Veronique Pozner, whose six-year-old son Noah was killed at Sandy Hook, has responded singularly among grieving families to the Newtown tragedy. She movingly testified, with a few others, at last week's gun control hearings. After the shootings, she insisted on seeing Noah's body, not a photograph of it. And she insisted on an open casket at his funeral. She also purposefully brought the governor to look at it because, "If there is ever a piece of legislation that comes across his desk, I needed it to be real for him.” It was real. Noah took 11 bullets. His mouth and jaw were blown away; a cloth covered that part of his face. Most of his left hand was gone. The governor wept. Maybe he'll remember.
For some observers, Pozner's fortitude and determination to make the horror real echoes that of the mother of Emmett Till, the 14-year-old black boy hideously murdered in 1955 after he allegedly whistled at a white woman. His mother Mamie Till-Mobley famously insisted on an open coffin at his funeral, which drew tens of thousands of mourners. “There was just no way I could describe what was in that box,” she said at the time. “No way. I just wanted the world to see.” The world did see, and evidently remembered. Today, the murder of Emmett Till is viewed as a seminal moment in the civil rights movement.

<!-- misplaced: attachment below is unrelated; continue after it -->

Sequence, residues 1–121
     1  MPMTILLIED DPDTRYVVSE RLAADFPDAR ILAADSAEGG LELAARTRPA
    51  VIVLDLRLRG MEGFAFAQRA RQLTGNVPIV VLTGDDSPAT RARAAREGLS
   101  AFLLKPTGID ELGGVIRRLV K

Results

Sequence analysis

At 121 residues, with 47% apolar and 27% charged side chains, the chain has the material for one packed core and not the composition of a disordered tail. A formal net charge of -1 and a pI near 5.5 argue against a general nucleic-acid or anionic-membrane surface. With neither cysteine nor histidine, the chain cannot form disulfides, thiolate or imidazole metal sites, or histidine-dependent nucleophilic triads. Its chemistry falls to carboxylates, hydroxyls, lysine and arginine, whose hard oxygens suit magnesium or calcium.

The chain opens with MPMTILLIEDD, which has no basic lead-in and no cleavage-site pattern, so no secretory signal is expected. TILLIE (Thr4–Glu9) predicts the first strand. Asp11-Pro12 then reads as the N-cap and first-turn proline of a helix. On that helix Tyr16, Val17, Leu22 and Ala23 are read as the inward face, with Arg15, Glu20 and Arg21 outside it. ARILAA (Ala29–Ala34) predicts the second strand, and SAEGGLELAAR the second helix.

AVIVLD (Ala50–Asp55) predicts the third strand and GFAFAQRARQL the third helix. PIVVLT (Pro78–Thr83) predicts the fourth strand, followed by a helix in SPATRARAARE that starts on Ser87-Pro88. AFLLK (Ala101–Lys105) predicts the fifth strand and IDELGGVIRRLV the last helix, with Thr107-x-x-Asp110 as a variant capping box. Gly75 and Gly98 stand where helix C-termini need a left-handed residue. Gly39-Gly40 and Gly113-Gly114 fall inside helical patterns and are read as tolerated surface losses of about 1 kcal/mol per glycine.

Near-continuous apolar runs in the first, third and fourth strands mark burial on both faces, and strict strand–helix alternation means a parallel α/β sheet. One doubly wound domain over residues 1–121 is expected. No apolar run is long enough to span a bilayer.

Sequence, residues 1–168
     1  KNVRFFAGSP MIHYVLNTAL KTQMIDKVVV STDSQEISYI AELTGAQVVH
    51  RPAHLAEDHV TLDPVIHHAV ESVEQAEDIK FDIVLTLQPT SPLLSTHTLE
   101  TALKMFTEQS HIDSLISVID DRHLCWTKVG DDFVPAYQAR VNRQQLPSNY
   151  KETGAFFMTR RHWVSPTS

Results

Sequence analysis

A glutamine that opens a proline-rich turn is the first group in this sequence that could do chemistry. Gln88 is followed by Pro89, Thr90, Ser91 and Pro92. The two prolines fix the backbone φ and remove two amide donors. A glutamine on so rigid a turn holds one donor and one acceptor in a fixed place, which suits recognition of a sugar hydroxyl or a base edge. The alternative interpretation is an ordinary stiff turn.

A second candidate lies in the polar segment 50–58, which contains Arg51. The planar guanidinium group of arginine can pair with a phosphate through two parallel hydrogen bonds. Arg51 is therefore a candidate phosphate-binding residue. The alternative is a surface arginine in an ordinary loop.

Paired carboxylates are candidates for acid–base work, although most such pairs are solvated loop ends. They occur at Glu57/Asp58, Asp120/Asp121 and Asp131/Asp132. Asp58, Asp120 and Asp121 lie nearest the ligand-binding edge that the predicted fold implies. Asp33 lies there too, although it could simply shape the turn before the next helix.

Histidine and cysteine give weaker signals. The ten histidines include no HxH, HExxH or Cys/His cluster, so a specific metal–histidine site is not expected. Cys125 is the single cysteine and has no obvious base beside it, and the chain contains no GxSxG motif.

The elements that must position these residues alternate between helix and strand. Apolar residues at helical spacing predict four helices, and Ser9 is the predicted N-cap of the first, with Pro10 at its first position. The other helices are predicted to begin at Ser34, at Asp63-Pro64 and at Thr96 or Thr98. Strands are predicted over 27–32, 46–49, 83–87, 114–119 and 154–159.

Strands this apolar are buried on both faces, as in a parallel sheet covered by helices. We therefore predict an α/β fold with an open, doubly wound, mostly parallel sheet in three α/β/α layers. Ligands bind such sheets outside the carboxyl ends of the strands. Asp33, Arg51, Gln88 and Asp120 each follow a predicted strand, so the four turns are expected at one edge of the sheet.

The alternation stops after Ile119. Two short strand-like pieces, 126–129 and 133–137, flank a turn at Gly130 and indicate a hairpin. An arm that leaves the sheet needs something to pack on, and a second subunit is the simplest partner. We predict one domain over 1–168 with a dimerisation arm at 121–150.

In an interview, Veronique Pozner tried to explain her decision to view and put on view her son's body. “I owed it to him as his mother, the good, the bad, the ugly,” she said. “It is not up to me to say I am only going to look at you and deal with you when you are alive, that I am going to block out the reality of what you look like when you are dead. And as a little boy, you have to go in the ground. If I am going to shut my eyes to that I am not his mother. I had to bear it. I had to do it.” She added, "His jaw was blown away. I just want people to know the ugliness of it so we don’t talk about it abstractly, like these little angels just went to heaven. No. They were butchered."
Will a potent moment of making the ugliness real, of showing rather than telling, make a difference in our ongoing debates on gun control - or, for that matter, war? Newtown was a start: Is there anything worse than the death of children? But change comes hard. Since Noah Pozner was laid in the ground, at least 1,584 people have been killed by guns.
Emmett Till's mother Mamie at his funeral
Some of those killed by guns since Sandy Hook